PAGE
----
Most people know that Sports Illustrated makes great bathroom reading. The photos are bright and clear, the articles short and succinct, the information easily accessible and digestible. So imagine my surprise when, while passing the time answering nature’s call, I came across an article from the June 21, 2010, issue entitled “A Light in the Darkness,” by Pablo S. Torre. It was about the history of mental illness in the MLB and the steps the league has taken in recent years to make things easier for baseball players to admit their conditions and seek appropriate help. Without getting into it, let me just say that the topic resonated with me. The article was well-written, blending the statistics that make the problem seem real with individual stories (Ian Snell and Steve Blass, for instance) that drive the point home. A number of factors contribute to the stress baseball puts on its players, including societal (the feeling that every time you go out there you carry a city on your back), physical (Ted Williams once said that “baseball is the only field of endeavor where a man can succeed three times out of ten and be considered a good performer”), and mental (baseball players spend nearly as many games away from their families and friends- 81- as basketball players play in an entire season- 82). And definitive steps ARE being taken by the MLB to assure that players are at least educated as to their options regarding mental health treatment, even though some choose not to pursue it (the main character of the article, Mariner’s pitcher Ian Snell, despite being open about his mental illness, has so far refused more conventional treatments such as antidepressants or psychotherapy, preferring religious study). Lastly, players from previous generations are coming to grips with the idea that admitting emotional and mental issues is not something that makes you less of a man. Many feel that if the cultural outlook on mental illness during their era was as it is now (not that mental illness isn’t still stigmatized, we’re just not whipping people anymore), they might have felt more comfortable in dealing with issues that ultimately cut short their career.
As good as this article was, when I read it I had trouble determining its “point.” I realize that not all features have to make a larger argument. Some are just introductions, teaching you something you didn’t know before. But to bring up an issue like mental issue, one that naturally polarizes (the previous generation’s notions of “toughness” vs. new-age notions about the value of mental stability; the mental health industry’s conviction that mental illness is essentially the same as physical illness vs. the larger world’s at times religious belief that as adults we should be able to control ourselves and power through tough times) without making a larger point seems short-sided. One point that was never made was that the mental health industry on the whole still needs to improve dramatically, which will then result in major improvements in the world of sports psychology. As of now, all diagnoses are based off of external observation and patient description of symptoms, neither of which reveal much about the emotions and cognitions that cause mental illness. The article rightly points out that right now there is no definitive test that will show what a patient suffering from mental anguish actually has. Perhaps more importantly, no test exists that will show the best manner of treatment (how much medication is required vs. treatment, and which medication and treatment type would be most effective). Within this article there should have been an outcry for that, as such testing (and I firmly believe this should be the next evolution in the mental health industry) would show a dramatic increase in treatment effectiveness and a dramatic decrease in treatment time (it can take years to settle on the right combination of meds and therapy needed to make a patient well again).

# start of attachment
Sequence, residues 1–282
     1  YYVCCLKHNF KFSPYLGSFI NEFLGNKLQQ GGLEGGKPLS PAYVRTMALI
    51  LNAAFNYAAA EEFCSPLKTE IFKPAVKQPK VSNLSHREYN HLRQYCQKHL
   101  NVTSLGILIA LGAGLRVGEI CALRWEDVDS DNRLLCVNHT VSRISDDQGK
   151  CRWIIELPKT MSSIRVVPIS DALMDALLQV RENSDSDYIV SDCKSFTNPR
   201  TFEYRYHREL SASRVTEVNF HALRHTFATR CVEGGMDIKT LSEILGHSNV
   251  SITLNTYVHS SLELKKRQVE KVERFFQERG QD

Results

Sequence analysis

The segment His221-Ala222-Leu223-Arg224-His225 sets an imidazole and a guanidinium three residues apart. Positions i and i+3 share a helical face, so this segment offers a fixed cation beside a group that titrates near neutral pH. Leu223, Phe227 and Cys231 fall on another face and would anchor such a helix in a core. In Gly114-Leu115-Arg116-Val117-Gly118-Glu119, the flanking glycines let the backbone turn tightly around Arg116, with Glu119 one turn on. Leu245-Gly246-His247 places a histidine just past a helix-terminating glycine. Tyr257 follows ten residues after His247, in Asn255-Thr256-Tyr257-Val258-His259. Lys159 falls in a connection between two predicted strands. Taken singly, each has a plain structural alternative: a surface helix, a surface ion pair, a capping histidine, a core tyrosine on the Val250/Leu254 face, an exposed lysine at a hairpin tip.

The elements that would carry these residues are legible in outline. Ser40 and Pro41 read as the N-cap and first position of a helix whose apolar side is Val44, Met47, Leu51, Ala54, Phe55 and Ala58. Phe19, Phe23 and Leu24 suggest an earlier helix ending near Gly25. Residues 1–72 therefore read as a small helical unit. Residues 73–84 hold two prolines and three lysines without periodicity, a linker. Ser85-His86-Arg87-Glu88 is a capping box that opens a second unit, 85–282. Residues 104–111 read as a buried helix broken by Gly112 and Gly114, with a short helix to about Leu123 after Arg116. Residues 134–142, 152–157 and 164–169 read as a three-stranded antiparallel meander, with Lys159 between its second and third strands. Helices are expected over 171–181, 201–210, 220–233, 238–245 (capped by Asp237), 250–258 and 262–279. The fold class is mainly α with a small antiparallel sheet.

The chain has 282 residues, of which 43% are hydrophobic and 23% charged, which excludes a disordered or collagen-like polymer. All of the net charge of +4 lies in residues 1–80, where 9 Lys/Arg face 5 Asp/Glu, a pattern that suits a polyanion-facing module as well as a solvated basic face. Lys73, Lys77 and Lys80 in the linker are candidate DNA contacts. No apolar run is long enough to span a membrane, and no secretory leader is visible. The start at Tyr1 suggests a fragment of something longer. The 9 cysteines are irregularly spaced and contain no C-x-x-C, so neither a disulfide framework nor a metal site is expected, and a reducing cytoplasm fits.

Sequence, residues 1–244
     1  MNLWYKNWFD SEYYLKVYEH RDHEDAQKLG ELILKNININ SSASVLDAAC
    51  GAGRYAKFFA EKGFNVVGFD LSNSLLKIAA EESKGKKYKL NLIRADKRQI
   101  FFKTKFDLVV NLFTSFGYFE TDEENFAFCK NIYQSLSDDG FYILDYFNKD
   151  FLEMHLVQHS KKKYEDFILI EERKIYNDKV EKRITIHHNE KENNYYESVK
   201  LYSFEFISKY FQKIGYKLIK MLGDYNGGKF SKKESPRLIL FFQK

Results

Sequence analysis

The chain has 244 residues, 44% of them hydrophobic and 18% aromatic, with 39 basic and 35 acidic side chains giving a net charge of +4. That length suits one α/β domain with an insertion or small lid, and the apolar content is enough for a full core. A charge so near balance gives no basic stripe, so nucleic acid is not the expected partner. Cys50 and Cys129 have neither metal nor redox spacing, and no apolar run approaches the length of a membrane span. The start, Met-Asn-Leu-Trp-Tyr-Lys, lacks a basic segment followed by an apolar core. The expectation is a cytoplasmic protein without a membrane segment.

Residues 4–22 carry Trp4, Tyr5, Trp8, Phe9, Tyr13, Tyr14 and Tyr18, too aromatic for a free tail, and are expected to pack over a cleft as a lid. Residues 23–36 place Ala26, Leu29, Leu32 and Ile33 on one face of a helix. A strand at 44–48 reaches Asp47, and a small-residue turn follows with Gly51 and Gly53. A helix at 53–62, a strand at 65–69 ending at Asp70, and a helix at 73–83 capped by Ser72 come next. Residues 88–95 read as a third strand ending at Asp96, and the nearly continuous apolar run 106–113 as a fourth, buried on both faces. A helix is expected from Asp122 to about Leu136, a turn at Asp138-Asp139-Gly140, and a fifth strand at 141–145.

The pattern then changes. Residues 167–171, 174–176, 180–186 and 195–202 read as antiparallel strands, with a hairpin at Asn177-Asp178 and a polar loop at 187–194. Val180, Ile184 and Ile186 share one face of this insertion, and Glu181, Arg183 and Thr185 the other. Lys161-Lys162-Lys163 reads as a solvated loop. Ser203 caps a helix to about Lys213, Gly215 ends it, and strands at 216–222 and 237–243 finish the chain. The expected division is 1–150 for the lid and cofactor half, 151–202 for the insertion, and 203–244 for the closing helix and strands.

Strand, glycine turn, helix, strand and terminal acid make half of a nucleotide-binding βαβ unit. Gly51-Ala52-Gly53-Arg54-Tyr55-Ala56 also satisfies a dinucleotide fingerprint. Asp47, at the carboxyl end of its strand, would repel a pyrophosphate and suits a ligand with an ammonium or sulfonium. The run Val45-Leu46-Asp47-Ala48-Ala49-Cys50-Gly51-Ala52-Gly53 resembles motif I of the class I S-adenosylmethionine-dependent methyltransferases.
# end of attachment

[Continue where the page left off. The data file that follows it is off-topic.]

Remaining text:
Additionally, I finished the article unsure on whether or not Torre liked what the MLB is doing. Certainly something is better than nothing, but does the author believe the MLB is doing enough? Should sports psychology sessions be mandatory (or at least highly recommended) for all players? Would such an act help spot depressive trends before they became career-threatening? Would the knowledge that everyone on your team was talking to a sports psychologist about SOMETHING (even if they were just shooting the sh-t) encourage players who are truly suffering to reveal it to others? On the other hand, could forcing a player who is doing all right at the time to reveal something upsetting to them (this is quite common in therapy) actually be detrimental to his career, at least in the short term? How much should the individual’s need for long-term mental stability be weighed against the team’s need for short-term success (the team, after all, is paying the player, usually a lot of money)? I don’t claim to have answers to any of these questions, although my opinion is that encouraging an entire team to talk to a sports psychologist on a regular basis (at least once, preferably twice a week, for the entire season and playoffs) would benefit both management (who could be warned, given the player’s consent, if a player was beginning to show signs of severe depression) and individual player. My point to these questions was more that this it seemed to ignore them in favor of just presenting the state of things. I understand that not every question needs to be answered in a feature. You certainly want to write something provocative enough to get people to think about it, to ask questions like this, and beating a topic to death will make it preachy or even boring (length comes into play here). But as much as I like Pablo Torre’s article, I can’t help but feel that more needs to be argued here. If Torre sees a problem in the MLB, he should lead the charge against it. If he believes the MLB is doing enough, he should make it clearer what evidence of effectiveness he sees (a sentence at the end about Ian Snell feeling better is not enough). Sports Illustrated is a highly circulated and respected magazine, so its writers have the great opportunity of promoting change as they see fit. I don’t believe Torre seized such an opportunity.